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Becoming a freelance accountant: How to do it

10th Dec 2021
Brought to you by
myfirmsapp

Myriad Associates helps businesses maximise tax reliefs.

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Standing out from the competition

“In 2020 there are now almost 2.2 million freelancers in the UK, up a small one percent from 2019. Of these over 1.9 million state that freelancing is their main job with a further 239,000 people doing freelancing as a side hustle alongside other employment.” - Ipse

The gig economy is thriving. Faster broadband, flexible working and a desire to be your own boss are driving many of us to take the plunge and go self-employed.

Freelancing certainly lends itself to some industries more than others. Creative and media work and the arts all feature heavily. But a growing number of UK accountants are also ditching the 9-5 and throwing themselves headlong into freelance life.

This article is aimed at people who are already qualified employed accountants. So if this is you, and it’s time to make the dream a reality, read on.

First, register as self-employed or set up a limited company

We won’t go into detail as it’s a bit “granny and eggs”. We thought we’d mention it though.

Many freelancers start off as sole traders. Some stay that way, while others later set up a limited company. That’s up to you, but as you’ll no doubt be aware, they come with different tax liabilities.

Either way, all self-employed individuals must register with HMRC. You will then be provided with your unique tax reference. For a quick refresher, see the Gov.uk Working for Yourself section.

Open a business bank account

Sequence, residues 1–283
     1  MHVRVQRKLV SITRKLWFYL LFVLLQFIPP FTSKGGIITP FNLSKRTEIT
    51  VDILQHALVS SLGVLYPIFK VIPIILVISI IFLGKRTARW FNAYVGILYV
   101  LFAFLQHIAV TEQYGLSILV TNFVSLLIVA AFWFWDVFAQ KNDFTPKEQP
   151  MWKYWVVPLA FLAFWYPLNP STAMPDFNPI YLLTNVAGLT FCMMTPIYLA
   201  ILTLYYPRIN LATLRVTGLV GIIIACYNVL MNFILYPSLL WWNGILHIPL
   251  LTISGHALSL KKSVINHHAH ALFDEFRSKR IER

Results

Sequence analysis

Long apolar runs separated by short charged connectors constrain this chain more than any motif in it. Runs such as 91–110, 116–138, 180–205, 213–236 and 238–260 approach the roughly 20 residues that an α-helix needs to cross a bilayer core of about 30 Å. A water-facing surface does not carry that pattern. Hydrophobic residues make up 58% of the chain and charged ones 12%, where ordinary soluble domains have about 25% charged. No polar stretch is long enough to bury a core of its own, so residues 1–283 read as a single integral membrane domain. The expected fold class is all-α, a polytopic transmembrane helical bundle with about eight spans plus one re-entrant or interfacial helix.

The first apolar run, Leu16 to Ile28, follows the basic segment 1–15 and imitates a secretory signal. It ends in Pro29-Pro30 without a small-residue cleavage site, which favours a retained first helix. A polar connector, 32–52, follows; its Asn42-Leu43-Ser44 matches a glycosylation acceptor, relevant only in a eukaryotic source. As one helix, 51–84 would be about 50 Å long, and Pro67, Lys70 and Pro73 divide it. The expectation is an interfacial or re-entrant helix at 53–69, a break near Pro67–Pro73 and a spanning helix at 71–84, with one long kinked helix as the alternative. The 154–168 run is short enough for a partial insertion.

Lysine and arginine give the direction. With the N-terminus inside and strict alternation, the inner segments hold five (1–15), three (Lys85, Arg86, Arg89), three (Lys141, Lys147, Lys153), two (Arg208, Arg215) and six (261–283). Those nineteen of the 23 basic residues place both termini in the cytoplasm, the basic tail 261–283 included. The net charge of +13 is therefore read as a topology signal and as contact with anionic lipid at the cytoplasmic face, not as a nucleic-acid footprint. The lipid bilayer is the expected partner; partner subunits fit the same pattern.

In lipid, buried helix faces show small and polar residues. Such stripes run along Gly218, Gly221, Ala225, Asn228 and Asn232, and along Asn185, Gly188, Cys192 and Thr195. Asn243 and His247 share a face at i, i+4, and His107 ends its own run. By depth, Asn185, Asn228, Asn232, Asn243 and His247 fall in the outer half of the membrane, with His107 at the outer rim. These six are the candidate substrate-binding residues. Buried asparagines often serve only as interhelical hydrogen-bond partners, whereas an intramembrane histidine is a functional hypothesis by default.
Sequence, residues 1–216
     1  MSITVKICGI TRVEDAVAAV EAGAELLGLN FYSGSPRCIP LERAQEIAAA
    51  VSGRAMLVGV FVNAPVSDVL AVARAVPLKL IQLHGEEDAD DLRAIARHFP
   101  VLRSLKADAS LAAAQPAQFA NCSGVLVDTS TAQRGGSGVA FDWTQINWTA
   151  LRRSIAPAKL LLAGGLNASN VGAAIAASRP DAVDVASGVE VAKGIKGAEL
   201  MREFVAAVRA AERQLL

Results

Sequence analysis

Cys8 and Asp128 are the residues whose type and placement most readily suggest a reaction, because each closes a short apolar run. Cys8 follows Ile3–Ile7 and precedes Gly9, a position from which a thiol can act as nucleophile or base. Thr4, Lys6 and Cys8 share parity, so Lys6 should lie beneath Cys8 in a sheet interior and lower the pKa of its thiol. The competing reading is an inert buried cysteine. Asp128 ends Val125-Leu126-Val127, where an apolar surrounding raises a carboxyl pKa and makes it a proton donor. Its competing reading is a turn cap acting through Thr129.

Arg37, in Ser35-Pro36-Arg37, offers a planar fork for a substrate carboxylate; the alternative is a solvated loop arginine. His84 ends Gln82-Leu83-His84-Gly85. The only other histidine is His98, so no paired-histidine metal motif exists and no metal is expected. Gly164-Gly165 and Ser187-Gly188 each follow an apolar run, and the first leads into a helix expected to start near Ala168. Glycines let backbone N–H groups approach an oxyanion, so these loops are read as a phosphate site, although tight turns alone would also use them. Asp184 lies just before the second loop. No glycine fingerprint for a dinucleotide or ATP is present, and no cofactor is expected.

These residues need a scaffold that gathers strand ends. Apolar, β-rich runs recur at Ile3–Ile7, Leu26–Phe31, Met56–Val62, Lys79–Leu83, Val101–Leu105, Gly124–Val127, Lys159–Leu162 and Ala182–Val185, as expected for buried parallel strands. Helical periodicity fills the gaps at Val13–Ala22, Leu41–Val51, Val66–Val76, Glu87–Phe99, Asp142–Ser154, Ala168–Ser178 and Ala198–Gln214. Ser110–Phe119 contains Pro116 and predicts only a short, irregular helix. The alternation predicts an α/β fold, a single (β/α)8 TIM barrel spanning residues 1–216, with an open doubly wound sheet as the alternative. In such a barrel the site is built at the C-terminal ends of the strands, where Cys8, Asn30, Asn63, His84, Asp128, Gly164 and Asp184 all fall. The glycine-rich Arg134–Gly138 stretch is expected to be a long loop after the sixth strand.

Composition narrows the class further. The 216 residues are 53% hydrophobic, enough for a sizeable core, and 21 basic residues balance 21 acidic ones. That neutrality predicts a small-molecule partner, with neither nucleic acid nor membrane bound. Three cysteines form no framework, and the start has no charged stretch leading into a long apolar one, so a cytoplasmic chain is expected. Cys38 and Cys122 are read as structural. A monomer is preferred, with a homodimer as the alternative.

You don’t legally have to have a business bank account but it’s strongly recommended you do. Why? Firstly, because personal bank accounts aren’t designed for business use so doing so could mean you’re in breach of your bank’s terms and conditions. This would be a telling off at best, and a CIFAS marker at worst, which for accountants could well be game over.

Secondly, business bank accounts separate your finances allowing you to keep track of cash flow and expenses. Not sure which ones are any good? Which offers some handy comparisons.

Notify the Information Commissioner’s Office (ICO)

Just as when you were employed, your job will involve holding your client’s sensitive financial data. This means you must register with the Information Commissioner’s Office (ICO).

Register with an approved Supervisory Body

Again you may well be familiar with this, but whether employed or self-employed it still applies to anyone providing accounting services. It’s a legal requirement, designed to help prevent money laundering and involves registering with HMRC under the Money Laundering Regulations.

Go niche

Many people set themselves up as a freelance general accountant covering all common tax/accounting needs. This is fine of course, but specialising in something a little more niche can really set you apart.

Perhaps you’ve got wider experience in a certain industry, or with smaller companies/start-ups rather than larger ones? Why not offer R&D Tax Credit claims too? More on this later.

Choose the right software

Once you’re all set up, you’ll need the right accounting software. Most of them offer some kind of free trial so you can find one that best suits you.